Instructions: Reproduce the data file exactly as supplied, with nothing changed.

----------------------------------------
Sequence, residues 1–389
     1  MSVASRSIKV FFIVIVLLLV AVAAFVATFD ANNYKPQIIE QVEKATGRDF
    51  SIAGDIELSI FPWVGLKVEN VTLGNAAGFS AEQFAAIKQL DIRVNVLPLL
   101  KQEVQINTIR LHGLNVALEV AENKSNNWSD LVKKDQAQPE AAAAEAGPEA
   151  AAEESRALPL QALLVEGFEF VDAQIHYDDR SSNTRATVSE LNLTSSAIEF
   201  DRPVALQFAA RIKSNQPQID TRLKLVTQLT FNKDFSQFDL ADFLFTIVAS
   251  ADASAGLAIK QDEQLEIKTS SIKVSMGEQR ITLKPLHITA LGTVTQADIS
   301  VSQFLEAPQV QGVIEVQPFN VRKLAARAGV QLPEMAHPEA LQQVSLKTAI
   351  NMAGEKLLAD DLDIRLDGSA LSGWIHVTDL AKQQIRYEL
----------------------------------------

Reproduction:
Sequence, residues 1–389
     1  MSVASRSIKV FFIVIVLLLV AVAAFVATFD ANNYKPQIIE QVEKATGRDF
    51  SIAGDIELSI FPWVGLKVEN VTLGNAAGFS AEQFAAIKQL DIRVNVLPLL
   101  KQEVQINTIR LHGLNVALEV AENKSNNWSD LVKKDQAQPE AAAAEAGPEA
   151  AAEESRALPL QALLVEGFEF VDAQIHYDDR SSNTRATVSE LNLTSSAIEF
   201  DRPVALQFAA RIKSNQPQID TRLKLVTQLT FNKDFSQFDL ADFLFTIVAS
   251  ADASAGLAIK QDEQLEIKTS SIKVSMGEQR ITLKPLHITA LGTVTQADIS
   301  VSQFLEAPQV QGVIEVQPFN VRKLAARAGV QLPEMAHPEA LQQVSLKTAI
   351  NMAGEKLLAD DLDIRLDGSA LSGWIHVTDL AKQQIRYEL